Daniel Vance - Disabilities

A number of readers have drawn my attention to ‘Team Hoyt’ and graciously asked me to feature this amazing father-son running team associated with disability. The first email came from a reader of Grainger Today in Tennessee.

Be careful, you may cry while reading this story.


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Team Hoyt consists of 66-year-old Dick Hoyt and 44-year-old son Rick, and together they compete in marathons and triathlons across America. This would not be remarkable except for Rick having cerebral palsy and being unable to walk.

‘When Rick was being born in 1962, the umbilical cord was twisted around his neck,’ said Dick Hoyt in a telephone interview from his Massachusetts home. ‘It took minutes before the doctors could untangle it. [The lack of oxygen] caused brain damage.’

The United Cerebral Palsy website claims an estimated 764,000 Americans have cerebral palsy, which almost always occurs in a child before, during or shortly after birth. Cerebral palsy affects the brain’s ability to control muscle movement, but usually it doesn’t affect intelligence.

‘Our doctors said Rick should be placed in an institution because he would be nothing more than a vegetable his entire life,’ said Hoyt. ‘On the way home from the doctors, my wife and I cried and talked, and decided we wouldn’t put Rick away in an institution. Instead, we took him home to raise him like any other child. And we tried proving the doctors wrong.’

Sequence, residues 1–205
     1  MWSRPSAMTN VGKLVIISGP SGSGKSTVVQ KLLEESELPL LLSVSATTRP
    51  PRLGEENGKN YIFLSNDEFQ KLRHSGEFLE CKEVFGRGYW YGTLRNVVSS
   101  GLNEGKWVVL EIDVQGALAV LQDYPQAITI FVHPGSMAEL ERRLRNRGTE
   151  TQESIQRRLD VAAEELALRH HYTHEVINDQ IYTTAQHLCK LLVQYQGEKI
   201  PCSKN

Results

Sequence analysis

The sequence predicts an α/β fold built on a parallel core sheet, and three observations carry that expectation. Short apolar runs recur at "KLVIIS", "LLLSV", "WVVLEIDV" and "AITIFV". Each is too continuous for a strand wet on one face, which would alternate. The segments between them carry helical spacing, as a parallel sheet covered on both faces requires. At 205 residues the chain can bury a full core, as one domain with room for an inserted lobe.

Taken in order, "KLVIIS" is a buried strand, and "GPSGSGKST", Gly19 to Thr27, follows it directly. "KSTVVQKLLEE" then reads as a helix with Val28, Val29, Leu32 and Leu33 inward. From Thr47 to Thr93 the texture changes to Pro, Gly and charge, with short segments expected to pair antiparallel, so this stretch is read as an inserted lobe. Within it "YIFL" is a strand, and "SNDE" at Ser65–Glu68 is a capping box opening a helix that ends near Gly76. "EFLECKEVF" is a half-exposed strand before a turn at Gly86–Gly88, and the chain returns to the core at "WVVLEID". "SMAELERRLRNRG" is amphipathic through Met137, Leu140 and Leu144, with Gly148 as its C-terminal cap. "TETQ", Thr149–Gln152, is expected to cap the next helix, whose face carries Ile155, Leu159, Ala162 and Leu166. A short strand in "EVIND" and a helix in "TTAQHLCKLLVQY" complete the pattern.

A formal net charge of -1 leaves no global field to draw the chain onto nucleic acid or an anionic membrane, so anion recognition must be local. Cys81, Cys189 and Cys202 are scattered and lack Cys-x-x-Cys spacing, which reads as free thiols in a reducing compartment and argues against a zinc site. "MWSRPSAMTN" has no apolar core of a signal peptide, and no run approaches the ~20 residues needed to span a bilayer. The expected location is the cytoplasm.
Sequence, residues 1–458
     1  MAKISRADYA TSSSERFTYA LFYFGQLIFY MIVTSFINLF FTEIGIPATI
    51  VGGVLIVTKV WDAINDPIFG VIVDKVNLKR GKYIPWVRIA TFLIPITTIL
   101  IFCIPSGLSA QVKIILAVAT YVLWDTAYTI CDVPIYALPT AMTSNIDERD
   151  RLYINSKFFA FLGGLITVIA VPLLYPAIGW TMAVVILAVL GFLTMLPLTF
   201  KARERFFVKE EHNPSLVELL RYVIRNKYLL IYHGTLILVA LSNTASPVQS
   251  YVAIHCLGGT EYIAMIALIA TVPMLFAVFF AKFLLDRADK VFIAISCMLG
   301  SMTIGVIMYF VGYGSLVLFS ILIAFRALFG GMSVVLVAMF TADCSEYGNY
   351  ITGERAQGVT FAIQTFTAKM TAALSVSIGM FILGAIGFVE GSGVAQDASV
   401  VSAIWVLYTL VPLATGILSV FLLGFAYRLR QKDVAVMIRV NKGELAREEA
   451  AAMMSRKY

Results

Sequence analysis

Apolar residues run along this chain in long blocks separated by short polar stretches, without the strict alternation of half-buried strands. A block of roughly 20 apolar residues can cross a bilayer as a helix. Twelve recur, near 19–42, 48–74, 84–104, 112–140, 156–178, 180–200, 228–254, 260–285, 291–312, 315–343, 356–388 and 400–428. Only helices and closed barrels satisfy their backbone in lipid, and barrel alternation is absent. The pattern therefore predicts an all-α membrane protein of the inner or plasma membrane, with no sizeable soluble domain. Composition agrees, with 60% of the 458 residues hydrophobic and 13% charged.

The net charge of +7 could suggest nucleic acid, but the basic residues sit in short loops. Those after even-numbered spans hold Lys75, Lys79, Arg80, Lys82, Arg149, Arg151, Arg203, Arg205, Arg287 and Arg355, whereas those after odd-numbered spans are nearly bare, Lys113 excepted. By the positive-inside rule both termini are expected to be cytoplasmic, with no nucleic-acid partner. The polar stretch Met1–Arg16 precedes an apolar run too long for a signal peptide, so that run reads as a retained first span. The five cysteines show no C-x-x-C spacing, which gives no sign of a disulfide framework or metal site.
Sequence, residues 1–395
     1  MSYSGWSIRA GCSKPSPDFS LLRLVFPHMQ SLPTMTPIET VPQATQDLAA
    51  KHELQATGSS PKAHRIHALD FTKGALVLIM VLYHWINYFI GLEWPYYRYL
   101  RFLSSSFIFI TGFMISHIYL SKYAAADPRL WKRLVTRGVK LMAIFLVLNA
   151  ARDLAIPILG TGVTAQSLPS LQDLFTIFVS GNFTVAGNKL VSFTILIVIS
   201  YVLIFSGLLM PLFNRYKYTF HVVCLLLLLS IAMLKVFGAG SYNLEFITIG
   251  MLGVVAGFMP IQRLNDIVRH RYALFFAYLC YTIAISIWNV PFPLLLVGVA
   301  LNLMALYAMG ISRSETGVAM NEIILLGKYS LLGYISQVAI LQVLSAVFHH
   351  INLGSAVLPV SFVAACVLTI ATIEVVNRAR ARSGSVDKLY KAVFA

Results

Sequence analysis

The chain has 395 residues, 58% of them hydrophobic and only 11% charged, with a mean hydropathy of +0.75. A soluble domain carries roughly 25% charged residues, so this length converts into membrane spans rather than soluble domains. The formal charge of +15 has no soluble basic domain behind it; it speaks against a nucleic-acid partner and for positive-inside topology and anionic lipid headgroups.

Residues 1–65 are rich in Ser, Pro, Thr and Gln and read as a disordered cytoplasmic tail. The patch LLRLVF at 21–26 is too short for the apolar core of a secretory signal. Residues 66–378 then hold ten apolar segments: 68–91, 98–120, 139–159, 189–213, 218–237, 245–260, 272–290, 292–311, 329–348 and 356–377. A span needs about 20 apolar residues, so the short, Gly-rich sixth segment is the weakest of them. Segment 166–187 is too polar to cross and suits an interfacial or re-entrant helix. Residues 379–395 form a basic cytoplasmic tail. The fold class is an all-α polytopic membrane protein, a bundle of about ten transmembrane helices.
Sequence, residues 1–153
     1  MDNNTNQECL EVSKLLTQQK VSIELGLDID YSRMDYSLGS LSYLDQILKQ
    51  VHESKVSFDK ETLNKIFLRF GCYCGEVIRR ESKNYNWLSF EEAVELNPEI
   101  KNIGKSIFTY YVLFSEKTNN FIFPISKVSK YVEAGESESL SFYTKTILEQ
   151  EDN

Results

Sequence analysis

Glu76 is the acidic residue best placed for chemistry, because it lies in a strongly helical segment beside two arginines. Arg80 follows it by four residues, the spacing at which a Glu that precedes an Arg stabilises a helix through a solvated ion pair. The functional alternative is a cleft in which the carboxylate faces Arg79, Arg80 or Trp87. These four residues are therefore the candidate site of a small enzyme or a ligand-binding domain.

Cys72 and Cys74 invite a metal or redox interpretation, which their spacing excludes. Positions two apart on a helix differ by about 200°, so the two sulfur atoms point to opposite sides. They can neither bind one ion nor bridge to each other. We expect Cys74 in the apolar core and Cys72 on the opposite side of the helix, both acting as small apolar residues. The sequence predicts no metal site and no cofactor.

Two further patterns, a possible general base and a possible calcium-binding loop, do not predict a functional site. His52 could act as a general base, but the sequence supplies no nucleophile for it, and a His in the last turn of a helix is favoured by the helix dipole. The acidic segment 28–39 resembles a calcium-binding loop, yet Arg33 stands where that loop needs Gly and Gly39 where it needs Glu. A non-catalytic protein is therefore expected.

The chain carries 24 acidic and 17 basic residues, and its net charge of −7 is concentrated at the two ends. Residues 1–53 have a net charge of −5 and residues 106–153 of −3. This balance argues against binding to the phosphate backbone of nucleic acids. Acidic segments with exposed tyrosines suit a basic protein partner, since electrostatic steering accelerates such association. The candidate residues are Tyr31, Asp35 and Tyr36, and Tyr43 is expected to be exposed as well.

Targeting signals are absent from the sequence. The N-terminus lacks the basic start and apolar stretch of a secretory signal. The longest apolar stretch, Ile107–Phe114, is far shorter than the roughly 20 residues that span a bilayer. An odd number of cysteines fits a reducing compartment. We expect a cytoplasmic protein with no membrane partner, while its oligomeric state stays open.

Rick couldn’t talk or use his arms or legs. And he still can’t at age 44. Yet he has graduated from public high school, and Boston University, and now lives by himself in an apartment.

‘We knew he was smart,’ said Hoyt. ‘When we talked to him he looked right in our eyes. We tried getting him into public school, but they turned us down, saying that Rick couldn’t understand anything said.’

In 1974, the Hoyts met with Tufts University engineers, who agreed to build an interactive communicator through which Rick could ‘talk’ to others.

So what were his first words at age 12?

‘We thought they’d be ‘mom’ or ‘dad,” said Hoyt. ‘Back then the Boston Bruins were going for (ice hockey’s) Stanley Cup. His first words were ‘Go Bruins!’ He’d been following their progress all along.’

Next column learn how Dick and Rick have completed almost 1,000 athletic events together, including 25 Boston Marathons.